5. You can have as many links as you want! If you put them in one comment, it will wait for moderation, but during the day that shouldn’t take more than a few minutes. If you’re impatient, you can just post one comment for each link. (People sometimes apologize for posting multiple comments, but I don’t care as long as they’re interesting!)

    And thanks for the painting, which I wasn’t familiar with.

  6. Дмитрий, coming from the Land of Advice as I do, I won’t hesitate to suggest you also republish your poem as a separate post. It’s lovely.

  7. Luchishkin’s “Balloon Flew Away” is quite a meme. And its history at Tretyakov’s is quite revealing, too. Apparently, in the enthusiastic 1920s, nobody noticed the silhouette of a man who hanged himself in the upper-floor window. It was not until the following decade, when the outlook has become decidedly less rosy, when somebody finally paid attention to the vignette of suicide in this painting. The “Balloon” ended up in storage for the rest of Stalin’s era…

  8. It’s amazing the painter lived until 1989 after having painted such a subversive work!

  9. Still, I think, the Okujava reference is more powerful. And the red balloon may have also been to replace the ‘goluboy’ reference in the song, because while it used to be the colour or romantics it is now a metaphor for gay.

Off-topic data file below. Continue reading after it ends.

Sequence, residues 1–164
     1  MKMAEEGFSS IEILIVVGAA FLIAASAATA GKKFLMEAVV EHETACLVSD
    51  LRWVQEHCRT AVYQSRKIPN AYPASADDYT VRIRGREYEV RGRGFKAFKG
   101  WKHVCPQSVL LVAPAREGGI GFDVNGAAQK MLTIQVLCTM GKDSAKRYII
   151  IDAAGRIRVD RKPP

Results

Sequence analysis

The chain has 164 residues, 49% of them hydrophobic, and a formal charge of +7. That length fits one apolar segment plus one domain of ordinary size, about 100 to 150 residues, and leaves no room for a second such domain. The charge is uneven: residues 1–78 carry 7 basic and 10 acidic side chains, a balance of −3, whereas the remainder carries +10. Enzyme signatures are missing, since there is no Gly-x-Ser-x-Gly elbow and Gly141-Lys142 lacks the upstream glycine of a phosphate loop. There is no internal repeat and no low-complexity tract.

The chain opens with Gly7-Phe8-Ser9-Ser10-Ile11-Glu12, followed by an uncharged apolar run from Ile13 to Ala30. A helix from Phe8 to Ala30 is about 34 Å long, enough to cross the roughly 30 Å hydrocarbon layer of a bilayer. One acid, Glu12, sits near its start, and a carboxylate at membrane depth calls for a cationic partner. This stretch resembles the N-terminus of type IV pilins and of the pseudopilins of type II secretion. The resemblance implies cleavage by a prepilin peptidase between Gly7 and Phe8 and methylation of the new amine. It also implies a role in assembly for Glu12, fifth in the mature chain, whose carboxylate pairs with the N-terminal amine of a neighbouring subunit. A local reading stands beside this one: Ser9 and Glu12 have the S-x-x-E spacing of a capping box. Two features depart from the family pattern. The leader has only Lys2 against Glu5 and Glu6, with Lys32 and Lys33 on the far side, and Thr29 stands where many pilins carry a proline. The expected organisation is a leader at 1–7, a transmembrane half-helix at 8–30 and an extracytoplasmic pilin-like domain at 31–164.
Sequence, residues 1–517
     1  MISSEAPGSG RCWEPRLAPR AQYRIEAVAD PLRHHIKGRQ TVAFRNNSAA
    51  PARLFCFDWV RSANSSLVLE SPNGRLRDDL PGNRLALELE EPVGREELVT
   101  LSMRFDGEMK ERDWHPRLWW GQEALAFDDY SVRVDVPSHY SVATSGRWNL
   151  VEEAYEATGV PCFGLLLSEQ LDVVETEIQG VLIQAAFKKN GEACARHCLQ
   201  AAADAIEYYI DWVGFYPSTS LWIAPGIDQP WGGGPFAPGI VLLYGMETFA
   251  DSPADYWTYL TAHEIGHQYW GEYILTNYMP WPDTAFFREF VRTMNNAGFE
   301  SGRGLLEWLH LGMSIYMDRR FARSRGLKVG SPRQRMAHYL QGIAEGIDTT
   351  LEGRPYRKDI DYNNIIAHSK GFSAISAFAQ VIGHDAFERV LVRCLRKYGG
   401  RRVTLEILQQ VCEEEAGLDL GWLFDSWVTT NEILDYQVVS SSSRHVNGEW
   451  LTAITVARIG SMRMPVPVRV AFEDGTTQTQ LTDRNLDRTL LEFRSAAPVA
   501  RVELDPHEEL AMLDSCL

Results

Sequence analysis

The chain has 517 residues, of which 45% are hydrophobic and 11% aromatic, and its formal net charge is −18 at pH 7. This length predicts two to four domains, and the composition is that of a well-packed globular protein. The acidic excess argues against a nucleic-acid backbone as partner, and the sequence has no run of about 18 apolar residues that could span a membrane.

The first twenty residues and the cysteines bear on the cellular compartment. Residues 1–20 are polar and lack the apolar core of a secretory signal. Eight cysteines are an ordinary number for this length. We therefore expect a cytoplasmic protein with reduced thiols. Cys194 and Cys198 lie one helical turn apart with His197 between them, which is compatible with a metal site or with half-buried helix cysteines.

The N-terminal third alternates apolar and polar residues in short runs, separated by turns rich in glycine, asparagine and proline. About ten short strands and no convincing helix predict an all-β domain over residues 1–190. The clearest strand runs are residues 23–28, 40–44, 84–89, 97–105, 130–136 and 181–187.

10. Using Yer (Ъ, the hard sign) for Pushkin reminded me one aphorism of his: “Spies are like the letter ъ, they are needed only rarely and even then you can do without them, but they like to interfere all the time”. I have no idea what creators of the show had in mind (I didn’t watch it, if that would help). And, sorry, you don’t need to rely on my translation. Here’s the original

    Шпионы подобны букве ъ. Они нужны в некоторых только случаях, но и тут можно без них обойтиться, а они привыкли всюду соваться.

  11. At risk of being pedantic, Pushkin references the fact that the Russian orthography of the time required yer appended at the end of every word ending in hard consonant. Because hard consonants not at the end of words didn’t require any special marking, yer actually was not needed besides maintaining the tradition. The hard sign was and still is used inside words to mark hard consonants where otherwise they would be “softened” according to other rules, but it’s a relatively rare occasion.

  12. Even more pedantically, Ъ is used after prefixes ending in a consonant followed by one of the two-sound letters of the Russian alphabet – e, ё, ю and я, and in closed compounds with numerals ending in a consonant.